Editor(s): Gérard Chaouat, Olivier Sandra and Nathalie Lédée
DOI: 10.2174/97816080573371130101eISBN: 978-1-60805-733-7, 2013ISBN: 978-1-60805-734-4
Indexed in: EBSCO.
Since a September, 1992, Nature article which read: “Can there be life without LIF?”, researchers now realize that the maternal immune system is both a foe (it can reject the conception) and a friend (immune cells and molecules are also necessary for successful pregnancy). Leukemia Inhibitory Factor (LIF) when absent, prevents embryo implantation in rodents. From fecundation to parturition, immunity acts as a Janus, required but potentially dangerous. However, the complexity and the diversity of immunity in pregnancy deters many from entering the field. This book will try to give a complete overview of immunity from gametes till parturition, in brief, but with complete chapters and subsections, each written by specialists in the field.
The importance of the topic relies not only on “the riddle of the fetal allograft”, which is per se fascinating, but on its consequences, linked to the development of IVF and in general, Assisted Reproductive Technologies (ART) / Medicine. Since the discovery that there would not be (mammalian) life without LIF, it has become clear that Immune Molecules, and in general, transient post mating inflammatory reactions are required for successful implantation. Disruptions of this process can lead to implantation failure / sterility.
In later stages of pregnancy immunological cells, mostly of the innate immune system, control formation of local spiral arteries. Finally, a state of tolerance establishes itself, whose “break’ leads to immune abortion and the vascular bed is further transformed and enlarged, till delivery, and here again “immunological cytokines” do play a major role and can eventually cause immune mediated abortion.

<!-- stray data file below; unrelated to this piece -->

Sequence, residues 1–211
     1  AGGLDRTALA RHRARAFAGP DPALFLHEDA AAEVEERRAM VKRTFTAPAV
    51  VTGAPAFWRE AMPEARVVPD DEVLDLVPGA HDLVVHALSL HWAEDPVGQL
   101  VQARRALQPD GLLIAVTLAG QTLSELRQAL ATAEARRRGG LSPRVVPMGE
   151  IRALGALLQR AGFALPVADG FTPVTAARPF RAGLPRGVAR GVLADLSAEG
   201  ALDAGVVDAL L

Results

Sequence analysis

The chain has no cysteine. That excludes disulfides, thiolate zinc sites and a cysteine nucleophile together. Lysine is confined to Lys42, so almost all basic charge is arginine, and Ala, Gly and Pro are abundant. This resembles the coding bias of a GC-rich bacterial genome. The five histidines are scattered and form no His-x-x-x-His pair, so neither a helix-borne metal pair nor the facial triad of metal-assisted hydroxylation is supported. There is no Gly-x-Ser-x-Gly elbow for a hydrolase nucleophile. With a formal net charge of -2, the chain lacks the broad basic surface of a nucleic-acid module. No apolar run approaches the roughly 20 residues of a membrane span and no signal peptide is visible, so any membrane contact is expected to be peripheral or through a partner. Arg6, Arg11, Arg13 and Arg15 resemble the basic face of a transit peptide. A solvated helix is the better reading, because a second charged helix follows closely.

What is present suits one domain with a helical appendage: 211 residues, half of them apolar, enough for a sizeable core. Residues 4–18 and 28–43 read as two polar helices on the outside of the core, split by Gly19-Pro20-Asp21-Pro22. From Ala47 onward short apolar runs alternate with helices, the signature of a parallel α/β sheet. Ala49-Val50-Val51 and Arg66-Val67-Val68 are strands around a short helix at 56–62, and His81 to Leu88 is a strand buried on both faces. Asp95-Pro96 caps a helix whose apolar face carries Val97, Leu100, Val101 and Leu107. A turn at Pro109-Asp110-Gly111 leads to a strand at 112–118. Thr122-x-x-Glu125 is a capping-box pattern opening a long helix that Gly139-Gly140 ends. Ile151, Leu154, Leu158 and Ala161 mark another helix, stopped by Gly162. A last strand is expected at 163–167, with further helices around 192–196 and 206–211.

Failure of, not just, the cytokine and cell recognition mediated dialogue, but also the pre and peri-implantation “preparation of the uterus”, as stated, leads to sterility, early pregnancy loss and recurrent abortions. There is also an increasingly stronger argument to implicate immunology in pre-eclampsia. Further still, immunology is also implicated in the control of local infection, mother to child transmission of pathogens (notably, but not limited to, HIV). Finally, pregnancy is the only known physiological phenomenon where the once named “suppressor T cells,” re-emerge as “regulatory T cells”, and play a cardinal role.
This E-book provides a complete compendium of gynecological immunology, spanning from fecundation to delivery. Topics also include the role of various cell types (such as T regs ad NK cells) in implantation and uterine changes as well as the genetic regulation of immunological processes. As such it will be of interest not only to fundamental and reproductive immunologists, but more importantly, clinicians in obstetrics and gynecology.
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